Several Mumbaiites are upset with the cancellation of this year’s Festival of India organised in October by the Kala Ghoda Association.
The Association on Tuesday said it was cancelling this year’s October festival because the concert stage on Rampart Row fell within a silence zone.
The Association is yet to announce whether the February 2011 Kalaghoda Festival will be held.
“The Kala Ghoda festivals held in October and February have become a cultural
tradition. It is upsetting to see silence zone norms being relaxed for politicians but not for culture,” said Taha Varawala, a law student from Colaba who has attended the October festival every year since it was launched three years ago.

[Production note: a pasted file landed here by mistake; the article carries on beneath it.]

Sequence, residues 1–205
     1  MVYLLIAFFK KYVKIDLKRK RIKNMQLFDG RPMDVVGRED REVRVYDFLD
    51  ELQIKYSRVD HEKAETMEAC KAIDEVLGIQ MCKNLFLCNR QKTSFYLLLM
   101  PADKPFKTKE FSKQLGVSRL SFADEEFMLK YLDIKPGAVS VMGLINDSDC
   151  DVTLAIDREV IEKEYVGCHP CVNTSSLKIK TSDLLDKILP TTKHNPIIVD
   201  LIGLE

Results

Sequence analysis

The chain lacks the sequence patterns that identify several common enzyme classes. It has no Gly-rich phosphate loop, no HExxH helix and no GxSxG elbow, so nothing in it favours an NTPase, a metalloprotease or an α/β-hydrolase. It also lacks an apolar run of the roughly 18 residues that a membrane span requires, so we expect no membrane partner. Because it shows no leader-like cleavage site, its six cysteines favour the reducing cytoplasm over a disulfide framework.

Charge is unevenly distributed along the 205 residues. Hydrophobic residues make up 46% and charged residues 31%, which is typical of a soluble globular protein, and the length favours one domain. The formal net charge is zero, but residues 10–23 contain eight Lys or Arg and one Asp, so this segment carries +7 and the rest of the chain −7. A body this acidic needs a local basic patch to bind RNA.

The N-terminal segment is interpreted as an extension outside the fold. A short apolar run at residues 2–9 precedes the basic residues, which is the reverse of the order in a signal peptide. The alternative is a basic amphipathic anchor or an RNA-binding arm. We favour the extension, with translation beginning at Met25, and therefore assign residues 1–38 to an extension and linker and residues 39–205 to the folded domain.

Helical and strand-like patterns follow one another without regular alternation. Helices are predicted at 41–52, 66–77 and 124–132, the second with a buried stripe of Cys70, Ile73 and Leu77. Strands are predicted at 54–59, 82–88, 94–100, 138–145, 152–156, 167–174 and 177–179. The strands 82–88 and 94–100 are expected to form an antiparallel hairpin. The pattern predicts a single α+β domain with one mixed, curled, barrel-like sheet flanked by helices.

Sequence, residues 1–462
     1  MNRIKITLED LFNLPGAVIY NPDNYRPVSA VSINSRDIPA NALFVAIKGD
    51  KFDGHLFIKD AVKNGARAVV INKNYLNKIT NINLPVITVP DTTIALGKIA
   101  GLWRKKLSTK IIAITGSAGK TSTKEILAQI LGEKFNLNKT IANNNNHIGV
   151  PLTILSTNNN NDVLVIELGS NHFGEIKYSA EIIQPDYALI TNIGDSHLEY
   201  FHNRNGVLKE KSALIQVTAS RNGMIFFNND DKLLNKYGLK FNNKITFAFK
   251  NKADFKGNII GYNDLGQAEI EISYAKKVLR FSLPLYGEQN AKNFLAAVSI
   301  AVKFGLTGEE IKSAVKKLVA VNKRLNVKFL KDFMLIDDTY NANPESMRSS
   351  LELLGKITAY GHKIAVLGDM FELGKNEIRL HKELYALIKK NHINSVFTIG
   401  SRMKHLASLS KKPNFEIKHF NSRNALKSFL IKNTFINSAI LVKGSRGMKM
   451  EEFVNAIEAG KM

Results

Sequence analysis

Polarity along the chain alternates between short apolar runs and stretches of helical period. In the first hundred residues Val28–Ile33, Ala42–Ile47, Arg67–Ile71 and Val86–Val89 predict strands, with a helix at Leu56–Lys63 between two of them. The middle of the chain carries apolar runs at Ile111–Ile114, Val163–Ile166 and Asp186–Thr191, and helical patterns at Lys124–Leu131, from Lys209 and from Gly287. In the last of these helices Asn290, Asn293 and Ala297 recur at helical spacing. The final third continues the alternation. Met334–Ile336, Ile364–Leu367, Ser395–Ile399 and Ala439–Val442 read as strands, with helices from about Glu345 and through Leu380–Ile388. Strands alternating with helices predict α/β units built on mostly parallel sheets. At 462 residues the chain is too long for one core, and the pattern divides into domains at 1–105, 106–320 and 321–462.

“We are growing more intolerant by the day. The festival appeals to young and old, so I am sure people inconvenienced in the area can compromise for a few days,” said Jayashree Baliga (54), a Churchgate resident who believes the festival adds some colour to the commercial district.
Berges Malu, the Kala Ghoda resident who had protested against the use of loudspeakers during this year’s February festival, maintains that the Association should not be given any exemption to use loudspeakers for its concerts.
“The law is for all, and if rules are relaxed for them, it would set a precedent for others, including political parties, to ask for exemptions,” said Malu, who had withdrawn his objections to the festival in February after the Kala Ghoda Association assured him that decibel levels would be kept low.
“It was a good-will gesture then, but they should not be allowed to break the law again,” he said.